Israeli PM to visit Africa for Operation Thunderbolt anniversary
ENTEBBE, Uganda - Israeli Prime Minister Benjamin Netanyahu is planning a landmark visit to Uganda and Kenya this summer to mark 40 years since the July 4, 1976, Entebbe raid.
This would be the first visit by an Israeli prime minister to Sub-Saharan Africa since Yitzhak Shamir visited four West African states in 1987.
This visit is personal for Netanyahu, because forty years before on June 27, 1976, Air France flight 139 bound for Paris from Tel Aviv was hijacked in Athens by Palestinian and German terrorists and diverted to Entebbe International Airport in the name of the Popular Front for the Liberation of Palestine (PFLP).
"I intend to do so around the 40th anniversary of the raid at Entebbe that was for us a very dramatic national experience. For me, obviously, one of great personal consequence,” he said on confirming his invitation by Kenya’s President Uhuru Kenyatta who was recently in Israel.
After a week’s ordeal in which the then Israeli Prime Minister, Yitzhak Rabin, bought time in negotiations with Uganda's then President, Idi Amin Dada, a daring rescue mission code named "Operation Thunderbolt" was carried out.
All the hostages were rescued except for three of them and the Israeli commander of the operation, Yonatan Netanyahu (elder brother to Benjamin) who were killed.
In addition, scores of Ugandan soldiers manning the airport who had engaged the Israeli soldiers and all seven terrorists were killed in the raid.
July 4, the day of the rescue, has since become a national day of remembrance in Israel as well as the operation renamed "Operation Jonathan" in honor of the fallen commander.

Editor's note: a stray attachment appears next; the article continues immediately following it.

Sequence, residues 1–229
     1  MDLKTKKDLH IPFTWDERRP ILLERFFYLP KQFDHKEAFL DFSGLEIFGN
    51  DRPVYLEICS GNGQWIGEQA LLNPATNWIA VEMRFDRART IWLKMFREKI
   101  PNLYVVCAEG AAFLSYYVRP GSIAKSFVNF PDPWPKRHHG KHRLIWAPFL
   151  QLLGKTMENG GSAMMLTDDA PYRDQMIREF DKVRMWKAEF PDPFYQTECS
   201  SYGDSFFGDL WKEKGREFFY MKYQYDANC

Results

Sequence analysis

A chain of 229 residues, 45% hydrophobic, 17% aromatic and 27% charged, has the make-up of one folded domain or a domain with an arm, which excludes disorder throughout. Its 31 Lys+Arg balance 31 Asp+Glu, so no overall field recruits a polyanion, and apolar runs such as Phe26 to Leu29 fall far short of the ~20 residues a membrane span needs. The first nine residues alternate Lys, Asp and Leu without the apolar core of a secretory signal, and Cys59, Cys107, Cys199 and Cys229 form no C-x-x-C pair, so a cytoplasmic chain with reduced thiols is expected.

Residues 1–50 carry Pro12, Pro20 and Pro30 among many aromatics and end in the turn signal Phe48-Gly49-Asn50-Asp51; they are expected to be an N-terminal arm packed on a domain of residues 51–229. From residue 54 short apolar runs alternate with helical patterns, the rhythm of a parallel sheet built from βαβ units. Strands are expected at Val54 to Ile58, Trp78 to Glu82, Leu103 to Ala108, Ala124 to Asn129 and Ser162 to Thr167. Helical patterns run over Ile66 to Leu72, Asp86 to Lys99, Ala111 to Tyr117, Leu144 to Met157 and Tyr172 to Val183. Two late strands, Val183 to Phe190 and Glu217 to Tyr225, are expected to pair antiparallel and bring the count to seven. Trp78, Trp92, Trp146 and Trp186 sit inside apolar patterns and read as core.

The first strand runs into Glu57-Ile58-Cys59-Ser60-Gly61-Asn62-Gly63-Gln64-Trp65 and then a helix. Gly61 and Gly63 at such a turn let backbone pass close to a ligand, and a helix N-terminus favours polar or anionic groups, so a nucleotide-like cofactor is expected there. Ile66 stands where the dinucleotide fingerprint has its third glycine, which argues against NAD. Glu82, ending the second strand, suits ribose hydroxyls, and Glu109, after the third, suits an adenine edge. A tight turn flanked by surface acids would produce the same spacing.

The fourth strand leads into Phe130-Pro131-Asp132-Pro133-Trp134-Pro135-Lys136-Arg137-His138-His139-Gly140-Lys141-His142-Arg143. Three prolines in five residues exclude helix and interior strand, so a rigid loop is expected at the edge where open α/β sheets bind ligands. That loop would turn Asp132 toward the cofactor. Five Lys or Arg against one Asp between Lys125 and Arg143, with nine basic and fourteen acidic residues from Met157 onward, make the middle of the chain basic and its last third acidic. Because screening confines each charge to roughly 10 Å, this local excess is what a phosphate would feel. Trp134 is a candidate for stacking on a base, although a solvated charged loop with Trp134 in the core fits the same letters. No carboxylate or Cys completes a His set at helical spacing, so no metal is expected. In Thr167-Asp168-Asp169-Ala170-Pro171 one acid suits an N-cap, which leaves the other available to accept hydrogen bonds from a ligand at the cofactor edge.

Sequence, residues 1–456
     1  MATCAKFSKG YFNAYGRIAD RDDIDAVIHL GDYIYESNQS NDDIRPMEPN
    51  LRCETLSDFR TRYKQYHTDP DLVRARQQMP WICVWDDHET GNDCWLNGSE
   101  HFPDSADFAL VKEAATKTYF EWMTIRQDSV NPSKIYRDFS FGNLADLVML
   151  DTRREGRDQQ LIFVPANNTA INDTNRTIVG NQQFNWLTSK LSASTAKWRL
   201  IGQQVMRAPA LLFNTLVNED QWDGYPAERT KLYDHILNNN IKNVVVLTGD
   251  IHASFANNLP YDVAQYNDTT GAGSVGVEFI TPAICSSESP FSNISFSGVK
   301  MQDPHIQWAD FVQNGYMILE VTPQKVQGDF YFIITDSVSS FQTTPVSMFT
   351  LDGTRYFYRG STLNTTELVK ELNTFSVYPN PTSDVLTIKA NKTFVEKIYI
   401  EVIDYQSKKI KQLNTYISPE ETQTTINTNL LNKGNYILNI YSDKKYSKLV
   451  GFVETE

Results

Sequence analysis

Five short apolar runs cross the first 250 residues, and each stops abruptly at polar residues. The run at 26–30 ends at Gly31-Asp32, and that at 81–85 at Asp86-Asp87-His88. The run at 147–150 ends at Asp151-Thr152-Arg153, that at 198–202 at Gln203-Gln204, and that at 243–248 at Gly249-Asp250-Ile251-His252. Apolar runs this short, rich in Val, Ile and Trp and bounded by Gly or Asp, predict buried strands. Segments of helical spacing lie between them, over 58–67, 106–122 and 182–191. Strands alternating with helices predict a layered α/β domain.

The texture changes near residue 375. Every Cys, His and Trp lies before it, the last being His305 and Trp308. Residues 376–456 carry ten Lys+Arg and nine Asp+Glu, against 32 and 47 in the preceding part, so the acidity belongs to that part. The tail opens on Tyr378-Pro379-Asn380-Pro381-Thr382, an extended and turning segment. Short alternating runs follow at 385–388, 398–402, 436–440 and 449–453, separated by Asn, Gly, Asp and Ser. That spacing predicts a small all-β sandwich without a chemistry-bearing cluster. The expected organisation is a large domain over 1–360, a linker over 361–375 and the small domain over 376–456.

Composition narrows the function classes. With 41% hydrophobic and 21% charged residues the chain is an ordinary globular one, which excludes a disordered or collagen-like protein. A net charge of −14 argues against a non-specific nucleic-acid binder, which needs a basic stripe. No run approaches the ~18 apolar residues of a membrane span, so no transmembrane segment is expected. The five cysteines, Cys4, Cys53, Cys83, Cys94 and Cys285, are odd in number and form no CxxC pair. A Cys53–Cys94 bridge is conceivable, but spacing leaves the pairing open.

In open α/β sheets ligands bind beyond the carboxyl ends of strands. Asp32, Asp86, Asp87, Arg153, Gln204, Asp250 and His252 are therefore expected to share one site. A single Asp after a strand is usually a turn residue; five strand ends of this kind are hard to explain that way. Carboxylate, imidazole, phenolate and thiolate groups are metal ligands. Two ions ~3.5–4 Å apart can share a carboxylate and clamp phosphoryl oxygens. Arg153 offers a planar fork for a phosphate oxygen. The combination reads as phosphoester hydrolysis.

The raid has been dramatized in films such as Victory at Entebbe (1976) directed by Marvin J. Chomsky, Raid On Entebbe (1977) directed by Irvin Kershner, and Academy Award-nominated Operation Thunderbolt (1977) directed by Manahem Golan. Books include William Stevenson’s Ninety Minutes at Entebbe, and Yoni’s Last Battle: The Rescue at Entebbe by Iddo Netanyahu.
The Civil Aviation Authority of Uganda has since then proposed to turn the Old Entebbe Airport Control Tower into an aviation museum. “We are trying to create the story of air transport in Uganda in this museum, and the story of the Entebbe raid will be part of the story,” the authority’s communications manager, Ignie Igunduura, was quoted as saying in the East African weekly.
The old airport has become an attraction for Israeli tourists to the country. Netanyahu’s visit shall only increase its significance since he first visited in 2005 and dedicated a plaque in his brother’s memory on the wall of the old terminal building at the Entebbe International Airport.
Uganda also hosts a homegrown “Jewish Community” in Eastern Uganda known as the Abayudaya. Living in virtual isolation until the early 1990s, these struggling subsistence farmers have observed Jewish customs and celebrated the Sabbath and festivals of the Jewish calendar together as families for four generations. Guided by their faith in the Jewish laws of the Torah, they pray together in mud huts designated as synagogues and chant Hebrew prayers to an Afro beat. Spread out over many miles, the 600 members of this community have held on to their beliefs through civil wars and periods of religious intolerance.
Perhaps Netanyahu shall spare time in his schedule to visit them, especially since he is keen to renew ties with Africa in the areas of health, science, agriculture, science, cyber technology, and tourism.
Source: ETN Uganda